When I returned home 10 days later, the first thing I did was check the nest. There was just one juvenile bird. No sign of the sibling or the mom.
The next day I got to watch the young bird learning to fly. It took short trips from one part of the yard to the other. At first I thought it was injured, but then I realized that it was just brand-new to flying.
Eventually I saw the mom join her child at the center of the yard. The fledgling was resting on the ground. The mom hovered in the air right beside the child, as if to say, “C’mon, it’s fun! Give it another try!”
I was entranced. I had never seen a bird learning to fly. But I still wondered. Where was the other one?
Had it been eaten by the lizard?
Had it already left the nest and successfully launched?
I saw the lizard the next day and asked him.
“Look who’s back,” the lizard said.
“I just want to know,” I said, “did you eat the other one?”
“Oh my god with the hummingbirds,” said the lizard. “Just admit it, you want to eat one.”
“Why was there only one bird when I got back? What happened to the other one?”
“I’m going to be honest,” said the lizard. “I don’t like your tone.”
“Did you eat it?”
“You really want to know?”
“Okay, so why don’t you go over to the pool filter in your massive, stupid swimming pool and check that before running through your whole fascist routine again.”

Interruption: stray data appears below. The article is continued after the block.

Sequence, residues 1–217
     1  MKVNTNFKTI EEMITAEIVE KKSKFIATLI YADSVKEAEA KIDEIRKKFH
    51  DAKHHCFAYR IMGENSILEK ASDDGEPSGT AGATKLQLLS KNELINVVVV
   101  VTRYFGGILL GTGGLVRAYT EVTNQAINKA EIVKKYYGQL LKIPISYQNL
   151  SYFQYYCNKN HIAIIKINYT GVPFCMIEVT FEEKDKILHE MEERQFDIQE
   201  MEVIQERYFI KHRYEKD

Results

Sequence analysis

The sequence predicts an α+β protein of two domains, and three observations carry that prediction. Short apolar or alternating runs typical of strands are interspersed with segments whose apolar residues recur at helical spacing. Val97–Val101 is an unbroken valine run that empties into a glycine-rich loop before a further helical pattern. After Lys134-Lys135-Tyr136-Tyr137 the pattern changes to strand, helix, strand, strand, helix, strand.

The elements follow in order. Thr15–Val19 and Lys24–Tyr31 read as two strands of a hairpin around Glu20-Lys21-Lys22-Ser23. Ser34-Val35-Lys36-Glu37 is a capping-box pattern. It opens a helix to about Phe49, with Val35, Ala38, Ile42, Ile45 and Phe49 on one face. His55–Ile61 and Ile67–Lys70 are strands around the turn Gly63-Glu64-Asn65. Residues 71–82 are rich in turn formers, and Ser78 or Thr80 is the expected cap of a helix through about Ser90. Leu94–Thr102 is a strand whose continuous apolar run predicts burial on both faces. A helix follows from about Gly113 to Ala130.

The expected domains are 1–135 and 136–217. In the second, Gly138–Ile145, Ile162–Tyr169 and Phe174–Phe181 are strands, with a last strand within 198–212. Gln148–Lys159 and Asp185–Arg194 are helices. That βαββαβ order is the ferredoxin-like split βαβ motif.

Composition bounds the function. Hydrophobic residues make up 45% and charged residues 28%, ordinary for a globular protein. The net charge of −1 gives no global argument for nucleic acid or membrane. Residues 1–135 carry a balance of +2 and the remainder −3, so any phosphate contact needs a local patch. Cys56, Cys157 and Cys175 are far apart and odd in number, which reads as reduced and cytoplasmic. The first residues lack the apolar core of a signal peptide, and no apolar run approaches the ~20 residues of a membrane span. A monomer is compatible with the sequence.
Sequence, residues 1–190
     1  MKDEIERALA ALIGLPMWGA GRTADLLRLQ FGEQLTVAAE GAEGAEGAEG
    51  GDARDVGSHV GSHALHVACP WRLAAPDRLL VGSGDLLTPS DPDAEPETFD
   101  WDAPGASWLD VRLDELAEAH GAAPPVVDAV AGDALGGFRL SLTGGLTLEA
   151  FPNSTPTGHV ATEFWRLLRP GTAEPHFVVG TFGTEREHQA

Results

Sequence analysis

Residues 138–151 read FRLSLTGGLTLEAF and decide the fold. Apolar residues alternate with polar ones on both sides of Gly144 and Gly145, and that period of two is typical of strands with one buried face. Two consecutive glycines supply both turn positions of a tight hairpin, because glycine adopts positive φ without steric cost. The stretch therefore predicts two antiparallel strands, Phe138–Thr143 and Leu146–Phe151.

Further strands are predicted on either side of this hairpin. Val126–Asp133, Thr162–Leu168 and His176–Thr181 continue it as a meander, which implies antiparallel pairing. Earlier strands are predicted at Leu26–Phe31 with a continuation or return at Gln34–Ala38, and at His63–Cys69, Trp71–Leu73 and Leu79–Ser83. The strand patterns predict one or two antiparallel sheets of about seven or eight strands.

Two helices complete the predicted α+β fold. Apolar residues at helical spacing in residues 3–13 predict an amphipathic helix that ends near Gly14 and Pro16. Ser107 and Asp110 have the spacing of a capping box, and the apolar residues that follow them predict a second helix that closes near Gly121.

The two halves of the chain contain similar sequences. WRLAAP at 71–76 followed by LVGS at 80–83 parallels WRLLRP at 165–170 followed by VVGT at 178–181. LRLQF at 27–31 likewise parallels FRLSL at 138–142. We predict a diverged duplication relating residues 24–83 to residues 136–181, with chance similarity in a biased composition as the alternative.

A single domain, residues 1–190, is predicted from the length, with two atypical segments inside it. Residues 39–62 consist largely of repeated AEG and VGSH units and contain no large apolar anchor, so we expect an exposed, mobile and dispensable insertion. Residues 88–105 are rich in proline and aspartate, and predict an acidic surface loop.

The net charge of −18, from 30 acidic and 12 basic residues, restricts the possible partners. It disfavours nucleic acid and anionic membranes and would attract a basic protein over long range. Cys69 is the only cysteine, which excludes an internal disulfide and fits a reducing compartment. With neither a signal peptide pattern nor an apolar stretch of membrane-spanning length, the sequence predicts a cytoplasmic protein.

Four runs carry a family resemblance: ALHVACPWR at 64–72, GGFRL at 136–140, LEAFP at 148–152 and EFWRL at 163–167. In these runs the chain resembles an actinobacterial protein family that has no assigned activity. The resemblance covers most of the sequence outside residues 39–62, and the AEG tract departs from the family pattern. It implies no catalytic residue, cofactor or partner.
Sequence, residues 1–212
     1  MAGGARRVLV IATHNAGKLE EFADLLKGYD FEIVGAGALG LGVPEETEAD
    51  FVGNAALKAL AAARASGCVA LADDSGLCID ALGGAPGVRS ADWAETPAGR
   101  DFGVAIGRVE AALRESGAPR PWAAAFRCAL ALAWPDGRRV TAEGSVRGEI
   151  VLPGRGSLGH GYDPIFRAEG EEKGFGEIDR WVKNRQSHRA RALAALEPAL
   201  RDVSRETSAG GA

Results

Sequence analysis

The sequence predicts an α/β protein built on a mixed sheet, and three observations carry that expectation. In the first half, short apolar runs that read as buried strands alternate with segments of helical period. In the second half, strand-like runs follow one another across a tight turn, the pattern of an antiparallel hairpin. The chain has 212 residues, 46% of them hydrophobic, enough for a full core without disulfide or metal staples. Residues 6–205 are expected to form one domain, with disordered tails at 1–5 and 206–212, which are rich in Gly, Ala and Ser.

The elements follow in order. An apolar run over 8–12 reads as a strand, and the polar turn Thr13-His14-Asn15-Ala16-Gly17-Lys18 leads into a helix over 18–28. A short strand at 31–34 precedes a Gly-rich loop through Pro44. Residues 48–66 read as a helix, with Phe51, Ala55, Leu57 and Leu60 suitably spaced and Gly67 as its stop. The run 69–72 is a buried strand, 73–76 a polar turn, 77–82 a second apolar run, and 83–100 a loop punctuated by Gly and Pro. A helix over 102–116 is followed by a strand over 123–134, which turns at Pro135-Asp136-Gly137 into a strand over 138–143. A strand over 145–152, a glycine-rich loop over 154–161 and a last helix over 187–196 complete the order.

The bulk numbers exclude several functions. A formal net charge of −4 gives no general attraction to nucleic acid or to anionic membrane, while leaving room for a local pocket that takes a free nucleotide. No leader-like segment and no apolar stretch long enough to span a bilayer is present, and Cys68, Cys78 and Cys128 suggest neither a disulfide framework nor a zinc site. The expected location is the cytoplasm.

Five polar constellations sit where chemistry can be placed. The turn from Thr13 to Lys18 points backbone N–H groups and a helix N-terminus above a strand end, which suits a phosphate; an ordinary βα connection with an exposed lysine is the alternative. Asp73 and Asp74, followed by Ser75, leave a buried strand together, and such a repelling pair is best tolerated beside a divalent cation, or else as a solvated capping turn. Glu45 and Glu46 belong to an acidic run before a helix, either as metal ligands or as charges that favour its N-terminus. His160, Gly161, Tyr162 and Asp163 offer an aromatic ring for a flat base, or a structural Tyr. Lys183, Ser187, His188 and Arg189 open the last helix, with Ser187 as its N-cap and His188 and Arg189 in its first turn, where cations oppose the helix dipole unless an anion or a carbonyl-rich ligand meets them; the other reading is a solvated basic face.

I felt sick to my stomach as soon as the lizard mentioned the pool filter.
I ran to the plastic plate covering the filter basket. I yanked it open. The missing bird was floating in the leaves, branches, and debris which had accumulated while I was gone.
The bird had landed in the pool during one of its own early attempts at flight, and then never gotten out.
I felt sad — and deeply ashamed. I had known the pool was a death-trap. That was why I spent so much time checking it for bees, ladybugs, and anything else which might fall in, even lizards. But then I’d left town, and I hadn’t even thought of the pool as a threat to the birds.
“I’m sorry about your friend,” the lizard said.
He had followed me to the side of the pool. He was perched on the long yellow deck chair with old metal railings. He watched me clean off the bird and then lay it on a leaf.
“Was it really awful?” I said. “Was the mother going crazy?”
“She was trying to figure out what she could do,” the lizard said. “But listen … stuff happens.”
“It’s my fault,” I said. “I need to get a cover for the pool.”
“It’s not your fault,” the lizard said.
“I’m sorry I accused you of eating it,” I said.
“It’s okay,” the lizard said. “The truth is, that was why I went up there that day — I was going to eat them.”
“Did you try again when I left town?”
“Why not?” I asked.
“Because by then I knew they were important to someone.”
“I’m really sad,” I said.
“I know,” said the lizard.
I thanked the lizard and said goodbye. I stood up and took the tiny, waterlogged corpse to a secret corner of my yard where my dog is buried. I dug a hole for the hummingbird beside a lantana bush blooming orange and yellow.
I apologized to the bird for my negligence, for not covering the pool. I told the bird I was laying it to rest beside my best friend of all time, my dog Boomer. I said it was the most special place I could think of. Then I laid the tiny bird down and covered it with dirt.
I get why people bury loved ones. You want to be able to visit them and talk. And apologize.